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Keep It Functional 2.0

Nearly 2 years ago I wrote the post “iPhone test automation using KIF (Keep It Functional)“. The fact that I am not working with KIF in one of my current projects, I missed the new KIF 2.0 release. The new version was released in september 2013 with a major rewrite of the framework.
KIF 2.0 is built on top of ocunit and is able to execute the tests sequentially as they appear in your code. In the old version the test execution based on steps and scenarios.

If you check the example on the KIF github page you will see the whole new structure of KIF. In the old version you had to create a KIFTestScenario object. Then you had to add several KIFTestSteps to that object to interact with your application. In the new version you have two main classes KIFTestCase and KIFUITestActor. The ocunit test runner is loading the test cases from KIFTestCase. Inside the tests the tester object is interacting with your application under test. The tester object offers several actions that can be used for testing. The most used ones are:

  • tap this view
  • enter text into this view
  • wait for this view

See a sample login test method with KIF 2.0

- (void)testLogin
    [tester enterText:@"testUser" intoViewWithAccessibilityLabel:@"Login User Name"];
    [tester enterText:@"testPassword" intoViewWithAccessibilityLabel:@"Login Password"];
    [tester tapViewWithAccessibilityLabel:@"Log In"];

    [tester waitForTappableViewWithAccessibilityLabel:@"Welcome to your account"];

Compared to the old version

- (id)scenarioLogin{
   KIFTestScenario *scenario = [KIFTestScenario  
      scenarioWithDescription:@"Login with credentials"];

   [scenario addStep:[KIFTestStep  
      stepToEnterText:@"testUser" intoViewWithAccessibilityLabel:@"Username"]];

   [scenario addStep:[KIFTestStep 
      stepToEnterText:@"testPassword" intoViewWithAccessibilityLabel:@"password"]];

   [scenario addStep:[KIFTestStep 
      stepToTapViewWithAccessibilityLabel:@"Log in"]];

   [scenario addStep:[KIFTestStep
      stepToWaitForViewWithAccessibilityLabel:LocalizedString (@"Welcome")]];

   return scenario;


Also the new version of KIF relies on accessibility labels, so be sure to provide a full accessible app. I really like the new version of KIF because it is much shorter and clearer.

Besides the new structure, KIF also offers some more functionality:

  • Use breakpoints between your test steps.
  • Test failures are shown in Xcode.
  • No need to create a duplicate target.
  • It is working with Xcode 5 command line tools, test navigator, and Bots.
  • And you can combine it BDD frameworks like Specta.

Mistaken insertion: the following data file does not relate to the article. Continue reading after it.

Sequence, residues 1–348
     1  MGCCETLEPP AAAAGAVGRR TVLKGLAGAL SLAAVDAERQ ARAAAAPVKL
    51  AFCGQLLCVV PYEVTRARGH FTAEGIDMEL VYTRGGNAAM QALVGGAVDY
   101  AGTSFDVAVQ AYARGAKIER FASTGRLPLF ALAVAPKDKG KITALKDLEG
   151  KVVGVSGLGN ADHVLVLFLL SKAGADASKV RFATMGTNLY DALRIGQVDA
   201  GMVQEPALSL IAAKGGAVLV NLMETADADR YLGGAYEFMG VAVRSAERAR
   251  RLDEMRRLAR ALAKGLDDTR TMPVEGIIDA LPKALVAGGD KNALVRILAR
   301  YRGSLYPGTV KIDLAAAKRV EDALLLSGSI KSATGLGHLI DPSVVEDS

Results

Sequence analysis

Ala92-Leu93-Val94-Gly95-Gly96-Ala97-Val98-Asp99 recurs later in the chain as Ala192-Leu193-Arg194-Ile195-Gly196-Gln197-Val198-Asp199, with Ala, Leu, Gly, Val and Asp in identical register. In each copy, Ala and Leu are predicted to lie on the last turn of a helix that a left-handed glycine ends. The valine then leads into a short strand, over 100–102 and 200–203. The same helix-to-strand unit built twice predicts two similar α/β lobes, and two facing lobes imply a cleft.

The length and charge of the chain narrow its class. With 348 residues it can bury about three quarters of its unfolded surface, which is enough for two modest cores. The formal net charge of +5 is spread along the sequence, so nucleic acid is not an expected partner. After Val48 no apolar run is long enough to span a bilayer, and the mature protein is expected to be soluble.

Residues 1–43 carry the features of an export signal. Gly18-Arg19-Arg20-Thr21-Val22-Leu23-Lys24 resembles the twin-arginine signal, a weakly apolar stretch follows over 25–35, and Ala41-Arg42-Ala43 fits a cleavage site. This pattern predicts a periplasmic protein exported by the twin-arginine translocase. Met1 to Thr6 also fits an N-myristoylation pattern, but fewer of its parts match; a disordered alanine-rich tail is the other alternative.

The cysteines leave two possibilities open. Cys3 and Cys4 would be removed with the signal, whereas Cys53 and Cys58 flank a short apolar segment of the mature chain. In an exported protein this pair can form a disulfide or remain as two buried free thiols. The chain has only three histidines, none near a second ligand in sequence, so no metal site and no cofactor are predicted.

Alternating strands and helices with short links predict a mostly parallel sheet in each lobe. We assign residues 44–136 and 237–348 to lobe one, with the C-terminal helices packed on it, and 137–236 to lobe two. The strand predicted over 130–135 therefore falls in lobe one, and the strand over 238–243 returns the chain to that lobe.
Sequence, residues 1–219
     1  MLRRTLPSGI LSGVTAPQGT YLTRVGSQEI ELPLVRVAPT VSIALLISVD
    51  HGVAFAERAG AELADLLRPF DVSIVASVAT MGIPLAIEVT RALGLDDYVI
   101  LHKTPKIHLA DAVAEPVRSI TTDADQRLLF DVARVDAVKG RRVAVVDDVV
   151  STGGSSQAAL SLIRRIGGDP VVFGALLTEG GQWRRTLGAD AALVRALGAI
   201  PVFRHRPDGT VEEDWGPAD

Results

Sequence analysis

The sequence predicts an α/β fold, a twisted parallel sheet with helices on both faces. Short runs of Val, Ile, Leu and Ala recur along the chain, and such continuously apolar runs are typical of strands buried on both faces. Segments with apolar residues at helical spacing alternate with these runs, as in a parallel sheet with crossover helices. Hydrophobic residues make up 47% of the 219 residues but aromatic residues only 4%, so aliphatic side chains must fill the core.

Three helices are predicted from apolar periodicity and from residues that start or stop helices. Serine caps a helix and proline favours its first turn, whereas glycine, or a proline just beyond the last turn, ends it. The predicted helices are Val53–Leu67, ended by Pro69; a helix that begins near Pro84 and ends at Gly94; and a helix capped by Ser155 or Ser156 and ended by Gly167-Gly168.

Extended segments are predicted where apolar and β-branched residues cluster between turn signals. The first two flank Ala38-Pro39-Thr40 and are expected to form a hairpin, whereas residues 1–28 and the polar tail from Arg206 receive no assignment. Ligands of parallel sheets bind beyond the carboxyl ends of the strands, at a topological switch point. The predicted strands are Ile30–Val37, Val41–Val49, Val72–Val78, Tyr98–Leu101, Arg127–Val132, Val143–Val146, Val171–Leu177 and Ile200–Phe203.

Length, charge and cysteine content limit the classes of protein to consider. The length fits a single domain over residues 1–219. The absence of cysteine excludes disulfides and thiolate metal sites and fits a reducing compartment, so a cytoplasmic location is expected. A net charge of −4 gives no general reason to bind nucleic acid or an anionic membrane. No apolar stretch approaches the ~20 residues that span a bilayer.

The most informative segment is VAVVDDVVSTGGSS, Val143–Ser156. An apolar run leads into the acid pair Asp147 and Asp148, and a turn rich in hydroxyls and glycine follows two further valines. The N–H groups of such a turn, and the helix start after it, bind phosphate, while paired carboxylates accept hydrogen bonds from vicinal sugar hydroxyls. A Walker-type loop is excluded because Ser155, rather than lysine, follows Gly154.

Have fun with new version of KIF!

Source: https://github.com/kif-framework/KIF

How to improve your mobile testing skills

In the last couple of months I was asked by several people how I improve my mobile testing skills. The mobile world is changing quite fast and you have to keep the pace, if you want to be a good and up to date mobile tester.

I recommended to read lots of QA related blogs, read QA books, follow the right people on twitter, try new mobile testing tools at home or at work (if you have the time) to get a broader knowledge in the mobile area. Another thing I recommended was to do new things (be creative while testing), try new testing techniques or just try to break the app in a crazy way. Furthermore I recommended another way of improve the own skills. Use as many apps as possible from different categories to see how apps are developed and how they behave. Besides using them, the important thing is, check the update texts of the apps! Do not just install the latest version of the app, read before installing the app. Some app developers are really precise in what the new version of the app is all about. Which nasty bug was fixed, which new feature is developed and so on.
If there are bug fixes described, don’t install the new version, instead try to reproduce the bug and see how to get this bug to life!

Here are some examples of apps that descibed very well, what was fixed: Read more

How Google tests mobile apps

Today I found a really interesting blog post by the Google+ team and how they test the Google+ app for iOS and Android. In this post Google describes their mobile testing strategy. The team created 5 general rules, which they follow during the development and testing the Google+ app.

The rules are:

  1. Understand the platform. Testing on Android is not the same as testing on iOS. […] Read more

Appium on Sauce – A new tool for testing your iOS apps in the cloud